It lies stranded now in The church lies at the bottom of this backwater of life, yet none the the village, a grand, stately, but irre less lovely for that: a place to pass gular block with a fine spire: the through, like a dream-city, on a peaceporch is most noble, with its high ful day: a place that lingers in the niches, groined roof, and wealth of memory, ever and again rising before ornament. It is a cross church with the mind, drawn in neutral tints transepts, no two parts corresponding. and loving, peaceful lines, when we In the centre there is a fine Norman have passed away over the hills into lantern, the low-browed, heavy arcb the roaring city and all the bewilderwhich supports it not rising half as ing hurry of these unleisurely modern high as the perpendicular nave; thus days.
No. 340.-VOL. LVII.
A NIGHT IN THE JUNGLE.
THERE's nothing else for it now: will take some time to get the things we must leave the dingheys behind transferred.” and go on in the canoes.” Thus Easton, Easton agreed, and whilst we ate my companion, as he once more sur our meal the boatmen redistributed veyed the rapids we had failed for the the baggage contained in the two fifth time to pass in the heavy boats, dingheys amongst three canoes, in and signed to the steersman of our
was necessary to craft to run it ashore.
stow it safely. We were making our way to a spot In half an hour we were again under on the banks of the lovely Salween way. Being the slighter man of the river, whither news of a tiger had two, the smallest canoe fell to my lot; attracted us. The place was difficult to so seating myself in the bottom reach at all times, utterly inaccessible (which every five minutes was washed during the rains and for two months throughout by the water we shipped) after their cessation, for the great I possessed myself of a paddle, and rainfall in Lower Burma swells the prepared to give as much assistance rivers to a height that is almost as could be reasonably expected of a incredible. So the wild jungles of man who had embarked with the conthe Tenasserim Yomas are seldom viction that his least movement would disturbed by any but an occasional inevitably cause an upset. Karen hunter, who might fire a shot Four sturdy Burmans manned the from his flint-lock perhaps once in ten canoe, which further contained my kit, days.
my guns in their waterproof cases, and Now, in December, the swollen river a share of our stores. There was also had fallen nearly to its normal level, a decoy-cock, tied by the leg to one and we had arrived within ten miles of the narrow seats, whose drooping of our destination, after much hard tail and generally dejected look pulling and towing (when the rocky seemed to indicate that he was enjoybanks would allow of the latter) with ing the voyage even less than I was. frequent reminders of the dangers of Easton followed in a larger canoe, course from the hidden rocks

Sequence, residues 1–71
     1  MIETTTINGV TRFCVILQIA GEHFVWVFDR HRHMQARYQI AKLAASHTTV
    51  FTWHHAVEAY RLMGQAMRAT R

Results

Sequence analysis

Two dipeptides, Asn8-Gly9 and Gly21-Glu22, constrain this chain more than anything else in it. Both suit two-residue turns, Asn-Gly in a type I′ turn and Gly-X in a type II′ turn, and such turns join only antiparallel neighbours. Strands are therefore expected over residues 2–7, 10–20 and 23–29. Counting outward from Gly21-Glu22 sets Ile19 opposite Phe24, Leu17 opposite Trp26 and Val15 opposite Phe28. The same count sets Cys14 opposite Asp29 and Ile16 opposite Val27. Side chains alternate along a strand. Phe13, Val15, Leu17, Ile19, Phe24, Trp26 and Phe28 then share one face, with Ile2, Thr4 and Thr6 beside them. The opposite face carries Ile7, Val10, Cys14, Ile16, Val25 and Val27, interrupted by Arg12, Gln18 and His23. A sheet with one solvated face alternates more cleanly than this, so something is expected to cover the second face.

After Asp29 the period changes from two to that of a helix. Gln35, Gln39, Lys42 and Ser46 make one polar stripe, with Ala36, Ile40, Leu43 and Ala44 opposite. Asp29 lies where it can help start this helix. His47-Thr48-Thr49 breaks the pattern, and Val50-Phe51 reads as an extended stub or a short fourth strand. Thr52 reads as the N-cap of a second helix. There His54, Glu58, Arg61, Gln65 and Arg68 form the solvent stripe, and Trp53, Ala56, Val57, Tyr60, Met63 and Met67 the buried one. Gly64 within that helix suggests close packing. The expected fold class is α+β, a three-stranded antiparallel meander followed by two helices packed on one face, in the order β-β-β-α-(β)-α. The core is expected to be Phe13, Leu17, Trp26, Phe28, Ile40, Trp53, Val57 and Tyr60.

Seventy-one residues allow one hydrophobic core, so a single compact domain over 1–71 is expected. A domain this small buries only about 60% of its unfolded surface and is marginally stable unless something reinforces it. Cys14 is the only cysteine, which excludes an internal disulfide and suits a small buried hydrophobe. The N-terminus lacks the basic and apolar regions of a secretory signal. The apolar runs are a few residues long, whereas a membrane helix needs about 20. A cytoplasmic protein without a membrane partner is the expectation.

which apparently leaked more than below the surface. The place we had conducive to comfort, for I stopped at was a wide basin strewn noticed that he knelt in the bottom with gigantic rugged boulders, round and was much occupied with a capawhich the waters boiled and seethed cious tin bailer he held in both hands. as if rejoicing in their release from The third carried our servants, two the gloomy rock-bound gorge above large goats intended as bait for the the rapid which was now to be the tiger, and the tent. The last-named next stage of our journey. Clearly, luxury Easton insisted on taking, in there was nothing for it but to spite of the risk entailed in conveying trust ourselves and our belongings so bulky an article in such a boat. It to the Burmese canoes—a prospect I proved valuable however, for the nights confess I hardly relished after eyeing were very misty and unusually cold the grand but turbulent stretch of for Burma. water and the crank narrow craft I begin to feel more at ease as we in which we were to navigate it. glide up a backwater, past the foam
“Let's breakfast first," I said. “It at the foot of the rapid which rushes must be nearly ten o'clock now, and it smoothly down in a wide unbroken
sheet for sixty or seventy yards after gentleman, who points out in his most leaving the gorge.
We are close to impressive way that the canoe behind it now, and Oo Byike, the old steers us has been swept back again ; and man, seated on the upward-curving that the other gentleman has not been stern with one muscular leg curled paddling at all, which quite accounts round below it, takes firmer grasp of for the failure. his long paddle, and with two plung The man at the bow finds a cleft in ing downward strokes, which the crew the rock into which he can stick his instantly respond to, drives the canoe paddle and so moor the canoe, whilst into the middle of the rapid.
the others turn to watch how our " Heey, loolah ! Hooh youkkya! companions will accomplish the pass Hlaw ! Hlaw ! Hlaw! Heey! (Hi, we have just overcome.
It will take men! Hi, lads ! Paddle! Paddle ! them some time to reach us, so I Paddle! Hi!)” he shouts in tones light a cheroot and study the view. of encouragement. The men chorus From our nook it is wild and beautia deep-chested Heey! and I skin ful: the broad brown river swirls past my knuckles against the bulwarks between two rugged walls of rock in a wild effort to help with my which, ninety or a hundred feet above, paddle. The
lean forward fall back and rise steeply in jungleand dig with desperate energy into clad mountains to the height of three the roaring flood that hisses past the or four thousand feet. Down the sides of the canoe and rises in a stream, across the basin, is a sloping fountain of spray at her bow. No green bank dotted with magnificent more shouting now: we are well on timber overgrown with luxuriant our way up the rapid and dare not